Instructions

  • Place the flank steak in the freezer for 25 minutes to make it easier to slice.
  • Use a sharp boning knife to slice the flank steak horizontally into 4-5 ml thick slices. Brace the steak with the palm of your hand as you slice it to keep the meat steady and ensure an even cut. Then slice these in half along the longer vertical axis. You should have 6-8 slices.
  • Whisk together the remaining ingredients except for the canola oil and toss with the steak slices. Refrigerate for several hours or — better — overnight.  
  • If you are using wooden skewers, soak them for a few hours in water with a few teaspoons of salt to ensure they do not get scorched.  
  • When you are ready to cook, allow the meat to come to room temperature. Remove the steak from the marinade and pat dry with paper towels. Reserve the marinade. Thread the steak slices on wooden skewers.
  • Place a grill pan over medium-high heat and brush with the canola oil. When the oil is shimmering, sear the beef skewers for about 2 minutes per side. Do not overcook — you want the meat to be very rare.  
  • Tent the skewers under a layer of foil for 10 minutes. Arrange on a platter and spoon some of the remaining marinade over the skewers.  
Jennifer Eremeeva / MT

Lamb Shashlyk with Red Wine, Rosemary, & Chives

Ingredients

  • 3 lbs. (1.5 kilos) lamb, shoulder or leg, cut into 2-inch (5 cm) chunks
  • 3 cups (700 ml) red wine
  • ⅓ cup (80 ml) red wine vinegar
  • ⅓ cup (80 ml) olive oil
  • 3 Tbsp salt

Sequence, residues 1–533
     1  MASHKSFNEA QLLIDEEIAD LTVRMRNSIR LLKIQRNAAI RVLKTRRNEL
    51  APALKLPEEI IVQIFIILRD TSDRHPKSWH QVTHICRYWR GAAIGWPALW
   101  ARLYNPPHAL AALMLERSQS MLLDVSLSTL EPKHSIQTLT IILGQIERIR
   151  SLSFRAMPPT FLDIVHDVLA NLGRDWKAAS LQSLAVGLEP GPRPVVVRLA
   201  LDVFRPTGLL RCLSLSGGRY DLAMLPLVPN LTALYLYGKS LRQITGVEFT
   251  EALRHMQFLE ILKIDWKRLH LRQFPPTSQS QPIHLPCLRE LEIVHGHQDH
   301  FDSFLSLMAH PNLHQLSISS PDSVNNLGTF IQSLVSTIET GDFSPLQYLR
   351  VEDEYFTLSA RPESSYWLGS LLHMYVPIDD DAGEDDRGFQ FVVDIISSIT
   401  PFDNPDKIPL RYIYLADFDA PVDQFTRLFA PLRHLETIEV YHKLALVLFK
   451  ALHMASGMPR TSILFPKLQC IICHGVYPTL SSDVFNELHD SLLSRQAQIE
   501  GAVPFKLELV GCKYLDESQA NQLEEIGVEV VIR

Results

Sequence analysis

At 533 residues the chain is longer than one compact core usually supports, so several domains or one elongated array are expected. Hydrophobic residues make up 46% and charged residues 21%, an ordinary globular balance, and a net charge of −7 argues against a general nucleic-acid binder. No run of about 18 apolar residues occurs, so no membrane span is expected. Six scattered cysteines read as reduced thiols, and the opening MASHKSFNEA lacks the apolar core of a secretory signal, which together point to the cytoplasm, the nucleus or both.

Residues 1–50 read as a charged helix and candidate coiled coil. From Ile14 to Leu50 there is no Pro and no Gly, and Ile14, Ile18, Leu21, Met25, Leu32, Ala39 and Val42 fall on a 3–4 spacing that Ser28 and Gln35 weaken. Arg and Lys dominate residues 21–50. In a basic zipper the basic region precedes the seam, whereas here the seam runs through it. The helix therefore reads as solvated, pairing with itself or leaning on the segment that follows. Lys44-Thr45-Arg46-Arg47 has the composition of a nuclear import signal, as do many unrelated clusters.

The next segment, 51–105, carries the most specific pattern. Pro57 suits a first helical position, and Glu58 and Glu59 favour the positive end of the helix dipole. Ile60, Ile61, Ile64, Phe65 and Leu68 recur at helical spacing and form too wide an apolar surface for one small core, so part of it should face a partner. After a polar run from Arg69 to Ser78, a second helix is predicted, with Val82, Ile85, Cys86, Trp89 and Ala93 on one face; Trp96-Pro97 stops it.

• 1 large yellow onion, thinly sliced
  • 2 Tbsp whole coriander seed
  • 3 stalks fresh thyme
  • 2 stems fresh rosemary
  • 2 anchovy fillets
  • 6 garlic cloves, peeled and sliced
  • One bunch fresh chives, roughly chopped
  • Fresh chives and rosemary to garnish

Instructions

  • Place the lamb, fresh herbs, onion, anchovy fillets, and garlic in a non-reactive bowl or plastic bag. Whisk together the remaining ingredients, then pour over the meat. Refrigerate for at least 4 hours, ideally overnight. Turn or occasionally stir to ensure that all the meat comes into contact with the marinade.
  • Preheat your oven’s broiler to its hottest setting and adjust the rack to the highest level. 
  • Bring the meat to room temperature, then impale the chunks onto wooden skewers that you have soaked in saltwater. 
  • Broil the lamb skewers for about 2-3 minutes a side. Tent the meat under foil for 5-15 minutes.  

Tangy Rasol and Kefir Chicken Shashlyk

Ingredients

  • 3 lbs. (1.5 kilos) boneless chicken thighs cut into 2-inch (5 cm) chunks
  • 1 quart (1 liter) kefir or buttermilk
  • 2 cups (475 ml) rasol (use a combination of vinegar and lemon juice if you don’t have pickle juice)
  • Salt and pepper
  • 6 cloves garlic
  • 2 tsp. pepper flakes
  • Olive oil 

Instructions

  • Combine the buttermilk, rasol, chopped garlic, and red pepper with a generous pinch of salt and several grinds of the pepper mill.  
  • Pour the mixture over the chicken into a non-reactive bowl or plastic bag. Refrigerate for at least 2 hours. For best results, leave overnight.
  • Preheat your oven’s broiler to its hottest setting and adjust the rack to the highest level. 
  • Before serving, drain the chicken and pat it dry. Impale the chunks on to wooden skewers. Brush very lightly with olive oil and season with salt and pepper. 
  • Cook under the pre-heated broiler for about 2-3 minutes per side for 8-9 minutes. Remove from the grill and serve immediately.